This data allows them to better rotate their crops and grazing, as well as help them accurately allocate expensive fertilizer and seed. As a bonus, this helps the brothers with carbon sequestration, and makes for healthier crops.

The brothers’ success with these methods has not gone unnoticed.

“The Halfmann's embrace technology,” says Wade Day, a 12-year veteran of the Natural Resources Conservation Service (NRCS) and the District Conservationist who works closely with the family.

“They’re willing to use [technology] to make themselves better farmers and ranchers. They’re willing to try some things that maybe some others aren’t, and if it works great, and if it doesn’t, they learned something from it.”

The Halfmann's utilize new technology to keep the operation running efficiently.

Day, assessing the overall work the Halfmann’s do from a resource management perspective, offers high praise: “They think about the land first in everything they do. They’re good stewards of the land.”

NRCS has helped the Halfmann’s with several projects on both the farming and ranching side of their operations.

“Just myself,” Day says, “I’ve worked with terraces and engineering designs, but also pipelines and general knowledge that they’re looking for.” They’ve also received help with water troughs and cross-fencing.

The NRCS continues to work with the brothers as their innovative techniques and practices show no signs of stopping.

Taking the Bull by the Genes

Innovative techniques go beyond crops for the brothers, who breed and raise a herd of Red Angus cattle. From one bull in 1964, Halfmann Red Angus has become, “one of our key components,” according to Cody. With that herd, they are constantly working to produce better results for the animals and their operation.

“A few years ago, we switched over from a hot brand to freeze branding,” says Cody. “The animals don’t mind the freeze branding as much.” They use a combination of alcohol and dry ice which kills the pigmentation in the cows’ hair, causing it to grow back white and bright in the shape of the brand.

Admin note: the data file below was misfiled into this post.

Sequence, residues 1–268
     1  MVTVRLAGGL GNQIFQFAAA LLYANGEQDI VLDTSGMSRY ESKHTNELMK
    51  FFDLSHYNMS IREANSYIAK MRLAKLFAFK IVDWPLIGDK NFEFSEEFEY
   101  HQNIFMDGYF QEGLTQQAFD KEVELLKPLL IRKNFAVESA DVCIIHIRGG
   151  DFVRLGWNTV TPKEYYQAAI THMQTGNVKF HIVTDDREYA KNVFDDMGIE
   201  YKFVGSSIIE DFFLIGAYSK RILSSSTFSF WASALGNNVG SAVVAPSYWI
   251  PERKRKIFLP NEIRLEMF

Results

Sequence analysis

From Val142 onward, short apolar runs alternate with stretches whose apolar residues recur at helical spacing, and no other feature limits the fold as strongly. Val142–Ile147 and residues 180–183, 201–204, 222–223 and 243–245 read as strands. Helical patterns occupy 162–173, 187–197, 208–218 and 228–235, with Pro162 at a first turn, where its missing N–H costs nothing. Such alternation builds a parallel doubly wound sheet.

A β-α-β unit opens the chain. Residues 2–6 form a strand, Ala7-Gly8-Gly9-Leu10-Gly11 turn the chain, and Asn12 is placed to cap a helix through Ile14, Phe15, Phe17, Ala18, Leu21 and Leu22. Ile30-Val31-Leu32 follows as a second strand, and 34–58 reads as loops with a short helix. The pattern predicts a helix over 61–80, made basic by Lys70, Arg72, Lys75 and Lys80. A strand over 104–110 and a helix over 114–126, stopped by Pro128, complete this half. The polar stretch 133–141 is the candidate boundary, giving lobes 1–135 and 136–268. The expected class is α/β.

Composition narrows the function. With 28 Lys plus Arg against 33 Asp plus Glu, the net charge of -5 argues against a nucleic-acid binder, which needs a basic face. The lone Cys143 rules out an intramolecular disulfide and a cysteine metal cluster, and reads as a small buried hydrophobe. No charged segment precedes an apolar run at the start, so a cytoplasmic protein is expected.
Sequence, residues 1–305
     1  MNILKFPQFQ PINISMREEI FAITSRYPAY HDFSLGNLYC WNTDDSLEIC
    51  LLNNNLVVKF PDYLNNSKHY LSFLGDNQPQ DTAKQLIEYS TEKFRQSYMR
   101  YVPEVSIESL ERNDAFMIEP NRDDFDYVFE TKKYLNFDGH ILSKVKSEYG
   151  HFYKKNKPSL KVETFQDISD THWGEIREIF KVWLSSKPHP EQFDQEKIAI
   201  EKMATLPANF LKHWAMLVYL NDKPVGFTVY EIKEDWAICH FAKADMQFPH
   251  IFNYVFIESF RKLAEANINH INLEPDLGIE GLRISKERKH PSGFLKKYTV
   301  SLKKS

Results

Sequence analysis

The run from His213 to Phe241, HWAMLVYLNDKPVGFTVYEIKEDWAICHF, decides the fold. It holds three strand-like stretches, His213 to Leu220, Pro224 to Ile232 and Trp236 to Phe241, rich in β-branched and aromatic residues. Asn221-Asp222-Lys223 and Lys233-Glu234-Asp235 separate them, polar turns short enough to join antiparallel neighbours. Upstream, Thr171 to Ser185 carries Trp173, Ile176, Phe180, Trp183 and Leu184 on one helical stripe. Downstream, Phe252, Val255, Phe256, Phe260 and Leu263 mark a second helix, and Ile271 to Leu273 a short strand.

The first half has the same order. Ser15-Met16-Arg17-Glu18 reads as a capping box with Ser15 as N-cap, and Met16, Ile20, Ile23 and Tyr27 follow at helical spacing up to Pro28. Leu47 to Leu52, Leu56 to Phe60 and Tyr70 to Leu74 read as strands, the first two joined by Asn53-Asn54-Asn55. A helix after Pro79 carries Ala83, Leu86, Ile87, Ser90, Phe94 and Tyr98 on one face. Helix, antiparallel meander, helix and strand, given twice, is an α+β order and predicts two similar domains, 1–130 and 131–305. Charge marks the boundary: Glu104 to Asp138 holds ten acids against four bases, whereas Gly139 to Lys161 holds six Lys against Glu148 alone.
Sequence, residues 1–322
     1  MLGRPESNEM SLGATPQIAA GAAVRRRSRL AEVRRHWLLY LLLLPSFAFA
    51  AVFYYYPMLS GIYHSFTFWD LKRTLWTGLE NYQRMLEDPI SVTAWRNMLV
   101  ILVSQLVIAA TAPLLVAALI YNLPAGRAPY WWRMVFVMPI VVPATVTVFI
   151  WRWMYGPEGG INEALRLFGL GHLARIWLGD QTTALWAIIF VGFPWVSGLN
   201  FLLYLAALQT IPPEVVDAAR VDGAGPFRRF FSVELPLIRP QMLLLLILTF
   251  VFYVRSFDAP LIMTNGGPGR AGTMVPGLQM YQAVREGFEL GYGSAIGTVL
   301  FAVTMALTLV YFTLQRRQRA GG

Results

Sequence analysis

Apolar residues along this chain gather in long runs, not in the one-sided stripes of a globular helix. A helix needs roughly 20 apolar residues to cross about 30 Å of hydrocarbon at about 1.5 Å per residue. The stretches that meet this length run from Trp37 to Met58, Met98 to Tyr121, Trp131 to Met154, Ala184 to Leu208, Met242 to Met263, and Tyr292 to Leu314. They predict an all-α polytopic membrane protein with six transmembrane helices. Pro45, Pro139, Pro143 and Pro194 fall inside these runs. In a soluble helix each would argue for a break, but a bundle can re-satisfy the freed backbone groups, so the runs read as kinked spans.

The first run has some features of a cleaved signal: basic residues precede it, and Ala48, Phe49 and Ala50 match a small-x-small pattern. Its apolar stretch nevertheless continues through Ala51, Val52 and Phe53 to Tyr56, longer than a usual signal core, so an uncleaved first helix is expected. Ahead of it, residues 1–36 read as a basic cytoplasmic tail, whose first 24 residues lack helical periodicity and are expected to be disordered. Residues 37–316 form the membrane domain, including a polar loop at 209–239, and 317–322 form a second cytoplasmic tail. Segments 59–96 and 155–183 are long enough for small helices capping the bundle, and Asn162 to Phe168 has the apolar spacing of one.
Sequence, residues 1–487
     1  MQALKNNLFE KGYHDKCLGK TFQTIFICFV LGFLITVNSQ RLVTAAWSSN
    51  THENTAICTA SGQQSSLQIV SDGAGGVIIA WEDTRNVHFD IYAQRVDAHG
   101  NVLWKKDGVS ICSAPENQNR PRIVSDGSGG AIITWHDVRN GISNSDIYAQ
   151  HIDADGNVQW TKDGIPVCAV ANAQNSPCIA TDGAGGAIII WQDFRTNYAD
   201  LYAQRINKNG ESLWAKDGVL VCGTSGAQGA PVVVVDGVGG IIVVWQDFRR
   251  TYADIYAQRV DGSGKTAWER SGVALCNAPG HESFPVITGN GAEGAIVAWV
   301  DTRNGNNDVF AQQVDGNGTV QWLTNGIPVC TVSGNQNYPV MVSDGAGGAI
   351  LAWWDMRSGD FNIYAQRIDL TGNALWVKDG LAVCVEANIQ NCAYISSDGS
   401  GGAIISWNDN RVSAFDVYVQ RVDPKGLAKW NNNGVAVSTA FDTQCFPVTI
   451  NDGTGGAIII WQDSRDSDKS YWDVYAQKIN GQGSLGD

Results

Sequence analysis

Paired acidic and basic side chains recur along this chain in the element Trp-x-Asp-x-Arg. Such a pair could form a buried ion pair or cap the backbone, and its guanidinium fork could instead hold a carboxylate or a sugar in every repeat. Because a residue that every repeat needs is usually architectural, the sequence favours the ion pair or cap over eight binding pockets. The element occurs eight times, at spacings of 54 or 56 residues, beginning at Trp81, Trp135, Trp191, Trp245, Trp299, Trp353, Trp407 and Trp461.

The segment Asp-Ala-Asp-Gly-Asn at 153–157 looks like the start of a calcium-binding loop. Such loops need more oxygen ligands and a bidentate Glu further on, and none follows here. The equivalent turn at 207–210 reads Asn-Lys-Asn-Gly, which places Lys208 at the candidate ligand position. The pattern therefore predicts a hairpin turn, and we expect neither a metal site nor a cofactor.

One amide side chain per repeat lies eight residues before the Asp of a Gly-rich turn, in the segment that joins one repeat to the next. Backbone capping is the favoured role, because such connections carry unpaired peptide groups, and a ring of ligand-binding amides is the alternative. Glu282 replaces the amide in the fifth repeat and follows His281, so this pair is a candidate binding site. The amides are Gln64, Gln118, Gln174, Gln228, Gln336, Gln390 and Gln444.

They also use some pretty advanced technology to track the genetics of their cattle. The Halfmann’s take a tissue sample from each animal they tag. The DNA from that sample is entered into a database they use to improve their breeding practices. Each sample can identify key traits a cow would pass on to up to twenty calves.

Using these technological advancements with their cattle, help Halfmann Land and Livestock improve and guarantee the genetics they are selling their customers when commercial cattleman bid on seedstock cattle and bulls.

“We sell seedstock cattle and bulls to commercial cattlemen. Anytime we can help increase the accuracy and the predictions of what those animals are going to produce, that’s going to benefit our customers which will ultimately benefit us,” Cody explains.

Chad Halfmann digs into the soil to show how using no-till practices have improved the soil health at Halfmann Land and Livestock.

All in a Day’s Work

In addition to other high-tech tools like ultrasounds to gauge ribeye marbling, the Halfmann’s are using cutting-edge systems to do something their family has done for generations: restore and respect the land they work.

Glen Halfmann, Cody and Chad’s dad, continues to help around Halfmann Land and Livestock. He encourages Chad and Cody to evolve not only with the land but with new technologies and is their biggest cheerleader when they come up with a new and innovative idea for conservation practices. Their hope is to work with the land to make sure they aren’t stripping the natural nutrients ultimately allowing them to pass the family tradition down to their kids and grandkids.

“They’ve got a lot on their plate, but at the same time they’re treating everything correctly,” Day concludes. “That’s nice to have when you’re working with someone: that they’ve really got the best intentions in mind.”

Chad is hopeful when it comes to the future of Halfmann Land and Livestock. “In the next 10, 30, 50, 100 years [we will be] in a sustainable model; in a very successive fashion that we can hand to our next generation. Where we nurture and educate our children to take this over and to understand that sustainability starts with conservation.”